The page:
Archives Experience Newsletter - June 29, 2021
A Hopeful 4th
We are reemerging from our homes and apartments. Our communities are starting to come to life. I went to the beach last weekend, and umbrellas were planted in the sand as far as the eye could see. It sure did feel like our country is hopeful that the pandemic is nearing the end.
This Sunday, we will gather in patriotic groups large and small to celebrate the founding, remember those individuals and groups – both celebrated and unknown – who contributed so much to our nation’s progress, and to raise a glass to our shared future.
The Archives holds our shared past. The Archives inspires, surprises, entertains, and educates each of us. The Foundation hopes you will embrace your curiosity and step through the doorway of our history at the Archives. The partnership between the Foundation and the National Archives is powered by donors who show their support of our mission.
This July 4th, we encourage you to show your patriotic colors with a gift of $17.76, or join as a member and add your financial support to help propel our work forward.
Have a patriotic week!
National Archives Foundation
The Enslaved Man Who Freed America
The year that James Armistead, an enslaved Black man owned by William Armistead of Virginia, was born is not precisely known, but he certainly was not much older than 30 when, with his owner’s permission, he volunteered to join the Continental Army. He served under the command of Marie-Joseph Paul Yves Roch Gilbert du Motier, the Marquis de Lafayette, a Frenchman who was an early supporter of the colonists’ independence. On June 9, 1778 in the presence of George Washington, Lafayette swore allegiance to the United States, affirming that the new nation was not subject to the rule of King George III of England. Lafayette persuaded James Armistead to pose as a runaway slave and join the camp of infamous traitor Benedict Arnold and later that of Lord Charles Cornwallis to spy on both commanders. Armistead was very successful at gathering intelligence for the Americans and giving the British incorrect information. His work was key to facilitating the Continental Army’s victory at Yorktown in 1781, which ended the Revolutionary War.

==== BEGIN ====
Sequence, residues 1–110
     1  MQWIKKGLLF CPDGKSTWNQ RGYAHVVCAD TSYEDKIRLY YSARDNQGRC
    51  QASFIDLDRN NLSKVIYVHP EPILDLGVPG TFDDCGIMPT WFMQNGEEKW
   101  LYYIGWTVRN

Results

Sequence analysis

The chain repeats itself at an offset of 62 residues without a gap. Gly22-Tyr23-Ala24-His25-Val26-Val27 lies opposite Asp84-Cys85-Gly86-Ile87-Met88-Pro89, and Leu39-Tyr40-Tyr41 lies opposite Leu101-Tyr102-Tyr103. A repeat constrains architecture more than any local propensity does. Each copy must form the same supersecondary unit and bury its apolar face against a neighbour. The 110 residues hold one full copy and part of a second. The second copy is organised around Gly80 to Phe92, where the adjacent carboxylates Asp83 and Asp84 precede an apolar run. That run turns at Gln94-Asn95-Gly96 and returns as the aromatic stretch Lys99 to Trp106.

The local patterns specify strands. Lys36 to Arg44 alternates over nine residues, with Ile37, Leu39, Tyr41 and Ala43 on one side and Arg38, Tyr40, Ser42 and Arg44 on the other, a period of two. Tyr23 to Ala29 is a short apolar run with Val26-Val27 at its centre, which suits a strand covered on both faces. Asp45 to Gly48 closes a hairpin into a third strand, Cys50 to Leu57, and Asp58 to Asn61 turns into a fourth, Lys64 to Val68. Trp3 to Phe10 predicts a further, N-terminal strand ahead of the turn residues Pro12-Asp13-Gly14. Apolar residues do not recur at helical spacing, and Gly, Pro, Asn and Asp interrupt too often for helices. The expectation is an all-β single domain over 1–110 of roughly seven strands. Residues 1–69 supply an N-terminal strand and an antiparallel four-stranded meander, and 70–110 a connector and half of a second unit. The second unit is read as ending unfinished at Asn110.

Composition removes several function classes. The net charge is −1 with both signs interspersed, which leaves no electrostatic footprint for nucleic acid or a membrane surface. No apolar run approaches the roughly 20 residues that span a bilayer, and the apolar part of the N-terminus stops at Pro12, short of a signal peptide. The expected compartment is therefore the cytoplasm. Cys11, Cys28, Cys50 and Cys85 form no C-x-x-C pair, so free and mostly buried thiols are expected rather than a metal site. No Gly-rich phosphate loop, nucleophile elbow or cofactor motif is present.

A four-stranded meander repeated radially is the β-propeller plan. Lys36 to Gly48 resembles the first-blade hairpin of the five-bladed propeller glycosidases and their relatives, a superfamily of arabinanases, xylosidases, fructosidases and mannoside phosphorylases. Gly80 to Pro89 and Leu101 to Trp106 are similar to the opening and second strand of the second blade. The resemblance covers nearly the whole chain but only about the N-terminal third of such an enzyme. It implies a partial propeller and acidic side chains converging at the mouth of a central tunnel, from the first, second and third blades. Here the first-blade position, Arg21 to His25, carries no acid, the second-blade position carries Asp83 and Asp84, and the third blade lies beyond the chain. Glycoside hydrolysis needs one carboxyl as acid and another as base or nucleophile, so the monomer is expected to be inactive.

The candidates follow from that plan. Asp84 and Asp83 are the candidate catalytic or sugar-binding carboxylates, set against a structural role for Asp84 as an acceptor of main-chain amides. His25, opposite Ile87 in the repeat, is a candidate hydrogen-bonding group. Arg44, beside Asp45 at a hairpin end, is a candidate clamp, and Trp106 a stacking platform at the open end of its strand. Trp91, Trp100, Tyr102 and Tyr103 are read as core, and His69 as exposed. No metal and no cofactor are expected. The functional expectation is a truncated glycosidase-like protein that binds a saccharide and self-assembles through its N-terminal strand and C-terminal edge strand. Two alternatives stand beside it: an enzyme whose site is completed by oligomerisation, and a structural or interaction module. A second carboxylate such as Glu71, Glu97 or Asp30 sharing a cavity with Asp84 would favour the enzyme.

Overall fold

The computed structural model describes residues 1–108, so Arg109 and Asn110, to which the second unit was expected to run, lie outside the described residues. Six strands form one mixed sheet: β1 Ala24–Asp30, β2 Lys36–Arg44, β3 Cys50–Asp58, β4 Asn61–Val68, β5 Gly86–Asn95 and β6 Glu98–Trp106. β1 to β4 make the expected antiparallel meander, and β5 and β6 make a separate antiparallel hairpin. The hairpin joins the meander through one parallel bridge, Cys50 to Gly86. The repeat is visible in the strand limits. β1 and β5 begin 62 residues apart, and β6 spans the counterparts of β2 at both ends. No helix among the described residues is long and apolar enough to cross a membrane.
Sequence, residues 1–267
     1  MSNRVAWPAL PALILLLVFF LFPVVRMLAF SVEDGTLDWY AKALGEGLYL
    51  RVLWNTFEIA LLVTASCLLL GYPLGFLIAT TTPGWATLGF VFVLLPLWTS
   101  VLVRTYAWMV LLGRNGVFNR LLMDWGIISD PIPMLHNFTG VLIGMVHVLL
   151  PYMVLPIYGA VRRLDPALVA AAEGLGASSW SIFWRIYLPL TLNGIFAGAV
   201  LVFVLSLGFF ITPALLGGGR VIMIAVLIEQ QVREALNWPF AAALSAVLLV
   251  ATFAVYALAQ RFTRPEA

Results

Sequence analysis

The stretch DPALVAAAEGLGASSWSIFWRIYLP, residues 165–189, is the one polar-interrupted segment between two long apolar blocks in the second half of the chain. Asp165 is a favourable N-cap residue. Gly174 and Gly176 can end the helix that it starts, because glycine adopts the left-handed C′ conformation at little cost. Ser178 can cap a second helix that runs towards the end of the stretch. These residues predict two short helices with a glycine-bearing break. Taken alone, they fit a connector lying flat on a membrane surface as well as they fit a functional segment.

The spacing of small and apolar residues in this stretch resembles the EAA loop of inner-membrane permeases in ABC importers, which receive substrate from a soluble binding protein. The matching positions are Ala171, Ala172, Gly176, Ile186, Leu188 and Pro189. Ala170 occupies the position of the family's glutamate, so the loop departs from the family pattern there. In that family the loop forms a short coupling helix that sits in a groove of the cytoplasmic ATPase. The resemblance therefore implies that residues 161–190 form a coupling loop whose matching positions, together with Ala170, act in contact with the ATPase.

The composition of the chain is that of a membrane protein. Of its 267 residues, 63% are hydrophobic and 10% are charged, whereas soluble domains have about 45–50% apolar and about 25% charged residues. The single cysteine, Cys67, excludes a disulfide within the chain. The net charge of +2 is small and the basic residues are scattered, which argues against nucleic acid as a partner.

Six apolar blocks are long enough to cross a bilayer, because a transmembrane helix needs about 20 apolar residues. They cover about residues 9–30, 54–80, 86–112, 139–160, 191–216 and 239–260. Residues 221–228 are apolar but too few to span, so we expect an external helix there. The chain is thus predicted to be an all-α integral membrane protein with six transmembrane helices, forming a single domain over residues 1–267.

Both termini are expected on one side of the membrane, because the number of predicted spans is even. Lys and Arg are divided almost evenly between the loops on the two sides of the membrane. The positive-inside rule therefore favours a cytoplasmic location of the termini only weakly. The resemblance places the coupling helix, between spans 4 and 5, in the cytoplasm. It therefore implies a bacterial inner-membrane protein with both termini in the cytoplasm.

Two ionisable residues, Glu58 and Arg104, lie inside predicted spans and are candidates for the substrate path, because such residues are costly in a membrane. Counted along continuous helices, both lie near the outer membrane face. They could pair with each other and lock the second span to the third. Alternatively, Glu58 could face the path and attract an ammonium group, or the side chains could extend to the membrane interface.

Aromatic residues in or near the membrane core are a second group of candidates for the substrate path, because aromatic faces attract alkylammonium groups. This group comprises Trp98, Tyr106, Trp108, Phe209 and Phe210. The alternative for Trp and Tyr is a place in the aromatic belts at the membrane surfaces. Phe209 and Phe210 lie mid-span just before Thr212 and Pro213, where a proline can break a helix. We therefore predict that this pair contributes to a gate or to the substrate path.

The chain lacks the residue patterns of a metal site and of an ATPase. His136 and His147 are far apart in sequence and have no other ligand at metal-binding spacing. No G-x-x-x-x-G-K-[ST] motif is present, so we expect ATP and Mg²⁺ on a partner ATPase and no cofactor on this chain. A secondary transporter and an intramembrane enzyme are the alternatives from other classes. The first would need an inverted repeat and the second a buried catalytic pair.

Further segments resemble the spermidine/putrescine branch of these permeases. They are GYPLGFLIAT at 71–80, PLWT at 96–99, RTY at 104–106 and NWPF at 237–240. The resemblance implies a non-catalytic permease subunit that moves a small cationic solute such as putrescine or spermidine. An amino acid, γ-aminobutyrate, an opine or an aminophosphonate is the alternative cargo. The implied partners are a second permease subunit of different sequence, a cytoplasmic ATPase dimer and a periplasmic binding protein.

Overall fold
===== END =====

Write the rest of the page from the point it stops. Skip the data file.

Despite his seminal contributions to the war effort, it was not until 1787 that James Armistead was finally freed. Both William Armistead and Lafayette petitioned the Virginia Assembly for his manumission. Once his freedom was secured, James Armistead added “Lafayette” to his name in honor of the Marquis.
James Armistead Lafayette then petitioned the state of Virginia for a pension for his service, which was finally granted to him in 1818. If you want to learn more about James Armistead Lafayette’s incredible story, you’ll have a chance to hear from him this Sunday during our virtual July 4th celebration. At 2pm EST, we’ll be having a conversation with James Armistead Lafayette, as portrayed by Stephen Seals from Colonial Williamsburg.
The Social Network of the Revolution